Every Hindu’s greatest ambition is to go to Kashi and worship the Shiva Linga there and get religious merit thereby. By worshipping Shiva Linga, one would not be born again and would get Moksha. Thus Kashi tour (Kashiyatre) has become a part of the life of Hindus. Now Kashi has become a clean city after Narendra Modi became the Prime Minister.

The evidence of Shiva worship has now gone back to almost 5,000 years. The Indus Valley culture has given good evidence of the worship of Shiva. In Indus Valley sites seals have been found and they contain various animals and writing. This writing has not yet been deciphered in spite of efforts by foreign and Indian scholars. In one of the clay seals, deity is found with horns and three faces seated in the posture of a Mahayogi.

This brings to our mind the yogic aspect of Shiva. Further, Shiva is famous as Pashupathi, the Lord of animals. One Pashupathi seal has been found in which a deity is sitting in yogic posture. He has a crown which has a trident or trishula. He is surrounded by various animals which make him Pashupathi. This is taken as the earliest representation of Shiva in human form going back to about 3,000 BC. In addition, small Lingas also have been found at Mohenjo-Daro. Linga is most popular in present day worship. In fact, this brings to our mind the famous Brihadeeshwara temple at Tanjavoor. Thus Shiva was worshipped in both human as well as Linga form.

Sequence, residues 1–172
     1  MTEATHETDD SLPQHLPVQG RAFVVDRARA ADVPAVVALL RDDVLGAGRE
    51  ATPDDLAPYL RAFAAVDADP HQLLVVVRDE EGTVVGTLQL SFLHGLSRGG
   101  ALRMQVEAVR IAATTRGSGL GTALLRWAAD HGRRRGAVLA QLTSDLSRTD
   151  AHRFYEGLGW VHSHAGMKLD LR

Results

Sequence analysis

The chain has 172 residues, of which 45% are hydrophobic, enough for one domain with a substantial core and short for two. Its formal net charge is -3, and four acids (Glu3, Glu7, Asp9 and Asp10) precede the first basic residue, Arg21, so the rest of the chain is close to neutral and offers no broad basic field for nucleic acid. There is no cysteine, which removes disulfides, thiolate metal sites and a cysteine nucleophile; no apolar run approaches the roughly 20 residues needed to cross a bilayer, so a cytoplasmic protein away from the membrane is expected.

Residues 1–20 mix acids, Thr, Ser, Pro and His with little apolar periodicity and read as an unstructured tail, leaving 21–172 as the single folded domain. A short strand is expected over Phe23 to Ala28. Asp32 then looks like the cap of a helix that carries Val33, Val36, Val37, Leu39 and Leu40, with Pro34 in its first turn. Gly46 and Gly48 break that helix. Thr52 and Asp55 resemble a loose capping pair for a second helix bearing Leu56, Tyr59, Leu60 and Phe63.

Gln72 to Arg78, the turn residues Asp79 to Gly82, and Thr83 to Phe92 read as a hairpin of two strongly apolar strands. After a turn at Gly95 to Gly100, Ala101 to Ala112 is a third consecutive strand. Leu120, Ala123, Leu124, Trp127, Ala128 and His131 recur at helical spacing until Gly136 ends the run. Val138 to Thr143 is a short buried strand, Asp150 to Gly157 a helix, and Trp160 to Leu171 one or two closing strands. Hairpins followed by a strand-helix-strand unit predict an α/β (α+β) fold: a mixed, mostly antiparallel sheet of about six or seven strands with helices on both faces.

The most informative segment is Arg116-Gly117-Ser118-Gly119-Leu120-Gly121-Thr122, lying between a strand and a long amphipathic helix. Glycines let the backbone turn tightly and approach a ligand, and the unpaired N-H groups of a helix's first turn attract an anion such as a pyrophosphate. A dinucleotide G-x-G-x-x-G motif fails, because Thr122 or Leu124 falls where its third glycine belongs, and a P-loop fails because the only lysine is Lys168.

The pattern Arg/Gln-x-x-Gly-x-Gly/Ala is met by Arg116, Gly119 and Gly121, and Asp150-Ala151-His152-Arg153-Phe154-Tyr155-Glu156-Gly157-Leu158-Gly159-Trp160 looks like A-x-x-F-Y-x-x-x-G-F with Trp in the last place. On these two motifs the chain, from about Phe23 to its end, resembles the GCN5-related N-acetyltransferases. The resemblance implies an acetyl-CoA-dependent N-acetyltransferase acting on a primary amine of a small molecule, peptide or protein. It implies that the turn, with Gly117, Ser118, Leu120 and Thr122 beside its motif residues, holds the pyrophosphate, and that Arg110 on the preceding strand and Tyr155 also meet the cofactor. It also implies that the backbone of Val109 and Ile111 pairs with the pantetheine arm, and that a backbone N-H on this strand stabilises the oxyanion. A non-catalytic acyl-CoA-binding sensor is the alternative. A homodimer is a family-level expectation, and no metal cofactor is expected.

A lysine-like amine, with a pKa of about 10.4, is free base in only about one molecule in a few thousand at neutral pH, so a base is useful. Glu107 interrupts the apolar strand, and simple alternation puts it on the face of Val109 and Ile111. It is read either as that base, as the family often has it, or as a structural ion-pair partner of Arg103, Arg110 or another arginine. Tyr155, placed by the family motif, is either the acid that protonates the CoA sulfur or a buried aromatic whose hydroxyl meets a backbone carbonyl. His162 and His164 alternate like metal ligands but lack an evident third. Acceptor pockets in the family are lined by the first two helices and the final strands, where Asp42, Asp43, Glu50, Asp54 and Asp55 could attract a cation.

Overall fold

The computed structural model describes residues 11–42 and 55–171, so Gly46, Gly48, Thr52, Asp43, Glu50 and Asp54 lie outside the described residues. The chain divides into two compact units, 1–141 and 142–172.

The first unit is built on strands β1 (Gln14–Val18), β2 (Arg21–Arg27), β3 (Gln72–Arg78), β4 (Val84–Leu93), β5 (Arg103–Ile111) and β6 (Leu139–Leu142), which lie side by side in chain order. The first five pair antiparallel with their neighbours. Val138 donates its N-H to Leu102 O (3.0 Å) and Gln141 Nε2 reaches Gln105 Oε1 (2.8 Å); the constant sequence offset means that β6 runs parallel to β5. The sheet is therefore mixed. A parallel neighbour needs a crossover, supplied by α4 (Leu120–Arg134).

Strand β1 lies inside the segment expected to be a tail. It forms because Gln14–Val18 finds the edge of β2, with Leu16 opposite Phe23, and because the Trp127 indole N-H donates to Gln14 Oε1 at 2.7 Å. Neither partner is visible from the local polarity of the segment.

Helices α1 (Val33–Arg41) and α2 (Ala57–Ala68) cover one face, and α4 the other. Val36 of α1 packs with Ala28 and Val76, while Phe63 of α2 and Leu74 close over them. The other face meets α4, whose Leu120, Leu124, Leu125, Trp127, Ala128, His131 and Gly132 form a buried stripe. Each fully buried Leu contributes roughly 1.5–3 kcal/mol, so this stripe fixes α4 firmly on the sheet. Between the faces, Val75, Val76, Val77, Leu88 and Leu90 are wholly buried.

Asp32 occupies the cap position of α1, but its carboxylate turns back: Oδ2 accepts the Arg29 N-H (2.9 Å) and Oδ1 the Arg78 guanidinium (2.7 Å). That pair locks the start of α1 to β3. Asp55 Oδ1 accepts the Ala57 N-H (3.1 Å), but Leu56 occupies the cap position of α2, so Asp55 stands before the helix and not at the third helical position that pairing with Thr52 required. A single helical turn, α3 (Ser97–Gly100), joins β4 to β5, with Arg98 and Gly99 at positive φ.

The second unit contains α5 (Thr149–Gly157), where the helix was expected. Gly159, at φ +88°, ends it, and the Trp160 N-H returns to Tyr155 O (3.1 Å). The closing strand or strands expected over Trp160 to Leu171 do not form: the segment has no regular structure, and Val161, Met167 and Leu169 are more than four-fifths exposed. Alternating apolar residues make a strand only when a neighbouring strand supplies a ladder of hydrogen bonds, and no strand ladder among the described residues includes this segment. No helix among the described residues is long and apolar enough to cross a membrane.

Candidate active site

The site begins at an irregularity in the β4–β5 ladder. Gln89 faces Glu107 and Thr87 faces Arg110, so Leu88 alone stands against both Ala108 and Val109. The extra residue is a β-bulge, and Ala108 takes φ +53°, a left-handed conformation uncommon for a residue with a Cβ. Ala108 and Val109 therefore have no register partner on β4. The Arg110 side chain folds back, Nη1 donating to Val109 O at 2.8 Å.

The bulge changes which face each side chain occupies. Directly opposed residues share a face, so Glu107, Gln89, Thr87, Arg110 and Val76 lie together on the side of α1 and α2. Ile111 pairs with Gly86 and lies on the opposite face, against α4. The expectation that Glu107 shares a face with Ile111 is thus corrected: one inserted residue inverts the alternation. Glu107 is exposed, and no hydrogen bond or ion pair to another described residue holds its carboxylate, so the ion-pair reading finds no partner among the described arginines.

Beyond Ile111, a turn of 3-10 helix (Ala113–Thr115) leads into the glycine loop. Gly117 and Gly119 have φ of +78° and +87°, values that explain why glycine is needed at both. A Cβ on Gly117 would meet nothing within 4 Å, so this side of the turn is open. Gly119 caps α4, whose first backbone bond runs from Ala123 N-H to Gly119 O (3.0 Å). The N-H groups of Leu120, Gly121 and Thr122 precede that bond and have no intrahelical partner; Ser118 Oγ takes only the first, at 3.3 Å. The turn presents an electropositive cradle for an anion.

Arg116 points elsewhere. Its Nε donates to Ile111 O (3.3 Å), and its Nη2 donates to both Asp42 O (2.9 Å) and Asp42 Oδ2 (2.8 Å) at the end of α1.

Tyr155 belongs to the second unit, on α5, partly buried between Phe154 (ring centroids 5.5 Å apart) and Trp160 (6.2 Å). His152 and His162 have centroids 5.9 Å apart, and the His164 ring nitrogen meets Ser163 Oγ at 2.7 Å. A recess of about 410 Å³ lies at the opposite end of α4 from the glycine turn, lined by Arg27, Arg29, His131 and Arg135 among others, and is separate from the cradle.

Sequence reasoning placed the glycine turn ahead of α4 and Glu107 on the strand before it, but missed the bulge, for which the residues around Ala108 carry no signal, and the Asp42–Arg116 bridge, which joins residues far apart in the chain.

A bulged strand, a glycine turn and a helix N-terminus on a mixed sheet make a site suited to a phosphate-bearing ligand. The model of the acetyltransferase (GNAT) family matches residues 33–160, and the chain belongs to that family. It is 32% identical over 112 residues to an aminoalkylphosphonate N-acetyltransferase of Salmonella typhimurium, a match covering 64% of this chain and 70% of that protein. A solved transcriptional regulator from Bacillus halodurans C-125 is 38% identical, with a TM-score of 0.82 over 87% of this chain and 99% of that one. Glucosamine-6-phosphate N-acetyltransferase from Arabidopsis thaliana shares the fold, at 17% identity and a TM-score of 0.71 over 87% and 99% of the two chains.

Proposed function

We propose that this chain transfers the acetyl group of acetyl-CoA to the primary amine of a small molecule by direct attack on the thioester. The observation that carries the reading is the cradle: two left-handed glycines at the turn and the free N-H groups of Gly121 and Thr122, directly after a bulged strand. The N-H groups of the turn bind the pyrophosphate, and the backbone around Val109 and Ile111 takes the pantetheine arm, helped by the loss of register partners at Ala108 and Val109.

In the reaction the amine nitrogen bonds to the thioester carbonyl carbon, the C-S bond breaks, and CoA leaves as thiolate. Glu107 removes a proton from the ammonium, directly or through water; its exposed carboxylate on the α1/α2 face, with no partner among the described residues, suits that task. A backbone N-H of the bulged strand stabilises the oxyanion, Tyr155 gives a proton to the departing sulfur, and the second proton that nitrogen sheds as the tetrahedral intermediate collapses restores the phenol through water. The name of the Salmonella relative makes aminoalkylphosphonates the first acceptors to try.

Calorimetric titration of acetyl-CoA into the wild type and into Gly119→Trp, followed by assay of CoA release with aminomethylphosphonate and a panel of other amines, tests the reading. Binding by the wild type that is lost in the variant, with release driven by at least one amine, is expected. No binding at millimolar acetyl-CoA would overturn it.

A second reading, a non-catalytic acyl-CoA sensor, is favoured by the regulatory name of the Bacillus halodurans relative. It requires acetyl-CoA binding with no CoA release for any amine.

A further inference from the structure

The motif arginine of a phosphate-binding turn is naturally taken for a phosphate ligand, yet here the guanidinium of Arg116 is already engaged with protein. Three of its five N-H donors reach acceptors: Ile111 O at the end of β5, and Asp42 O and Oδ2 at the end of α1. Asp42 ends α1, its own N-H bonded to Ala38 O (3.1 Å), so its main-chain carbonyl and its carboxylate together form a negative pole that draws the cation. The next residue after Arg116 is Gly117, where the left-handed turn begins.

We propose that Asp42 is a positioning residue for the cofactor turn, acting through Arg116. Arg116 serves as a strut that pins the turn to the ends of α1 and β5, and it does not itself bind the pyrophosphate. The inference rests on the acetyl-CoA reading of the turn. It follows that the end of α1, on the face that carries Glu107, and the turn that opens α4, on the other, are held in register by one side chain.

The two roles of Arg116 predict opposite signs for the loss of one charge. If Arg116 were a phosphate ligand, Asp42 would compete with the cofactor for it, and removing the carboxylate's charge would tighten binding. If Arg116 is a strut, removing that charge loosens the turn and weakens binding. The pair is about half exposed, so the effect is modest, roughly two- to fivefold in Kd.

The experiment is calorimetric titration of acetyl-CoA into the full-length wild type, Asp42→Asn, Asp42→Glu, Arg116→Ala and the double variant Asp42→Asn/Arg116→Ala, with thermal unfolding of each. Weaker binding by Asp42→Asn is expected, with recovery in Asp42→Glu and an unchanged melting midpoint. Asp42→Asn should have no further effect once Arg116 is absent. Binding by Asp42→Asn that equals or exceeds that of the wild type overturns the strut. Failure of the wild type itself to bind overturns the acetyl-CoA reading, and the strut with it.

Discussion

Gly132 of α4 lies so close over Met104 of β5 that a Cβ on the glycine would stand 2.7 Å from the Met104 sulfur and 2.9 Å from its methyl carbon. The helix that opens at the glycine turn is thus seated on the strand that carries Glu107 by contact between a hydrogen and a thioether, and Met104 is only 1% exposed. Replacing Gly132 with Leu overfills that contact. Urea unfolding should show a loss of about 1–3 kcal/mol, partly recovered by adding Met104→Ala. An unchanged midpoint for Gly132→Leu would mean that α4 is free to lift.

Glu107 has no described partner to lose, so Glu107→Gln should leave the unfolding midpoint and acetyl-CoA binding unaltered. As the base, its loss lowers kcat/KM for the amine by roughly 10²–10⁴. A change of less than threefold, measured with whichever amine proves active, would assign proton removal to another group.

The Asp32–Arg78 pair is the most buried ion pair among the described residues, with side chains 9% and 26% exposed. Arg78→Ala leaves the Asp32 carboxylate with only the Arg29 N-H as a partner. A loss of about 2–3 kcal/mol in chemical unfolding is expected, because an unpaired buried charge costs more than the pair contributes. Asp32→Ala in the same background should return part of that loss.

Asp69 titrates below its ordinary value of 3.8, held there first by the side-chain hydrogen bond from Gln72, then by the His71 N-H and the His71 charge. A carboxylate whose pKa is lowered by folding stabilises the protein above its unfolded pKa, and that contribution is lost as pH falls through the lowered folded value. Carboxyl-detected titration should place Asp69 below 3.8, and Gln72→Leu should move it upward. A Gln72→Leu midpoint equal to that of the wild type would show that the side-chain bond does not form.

This event is celebrated particularly in Sringeri where the Jagadguru performs the worship throughout night, starting from about six in the previous evening and continuing till the early morning of the next day. Sringeri’s main deity is Chandramouleshwara which has a hoary antiquity dating back to the time of Adi Shankaracharya who scholars believe flourished is about eighth century AD.

People believe that they get religious merit (punya) in ample measure by watching this great spectacle on the day of Shivaratri at Sringeri. This year, this festival falls on 13th of this month. This year it is being celebrated by both Chandramana (Moon reckoning) and Sauramana (Sun reckoning). Our own city has the Eshwara temple as well as Amrutheshwara temple and Trineshwara temple. There may be many more temples where worship of Shiva is done.

READ ALSO  Ugadi heralds New Year Vilambi

Once the worship of Shiva became popular, Puranas were composed in glorification of Shiva. Shivamahapurana became a repository of Shiva culture including various forms of iconography. Even foreign dynasties like the Kushanas were attracted by the worship of Shiva and they depicted him on their coins. Nandi the vehicle of Shiva too found a place on these coins.

Perhaps the earliest temple for Shiva in Karnataka was built around first century AD. This is called Pranaveshwara Linga located at Talagunda in Shivamogga district. Almost all the dynasties that ruled Karnataka from Kadambas to Wadiyars of Mysuru were worshippers of Shiva in addition to other Gods. Hoysala Vishnuvardhana who was a Srivaishnava built more temples for Shiva when compared to Vishnu. Even Hyder and Tipu are known to have given gifts to Shiva temples.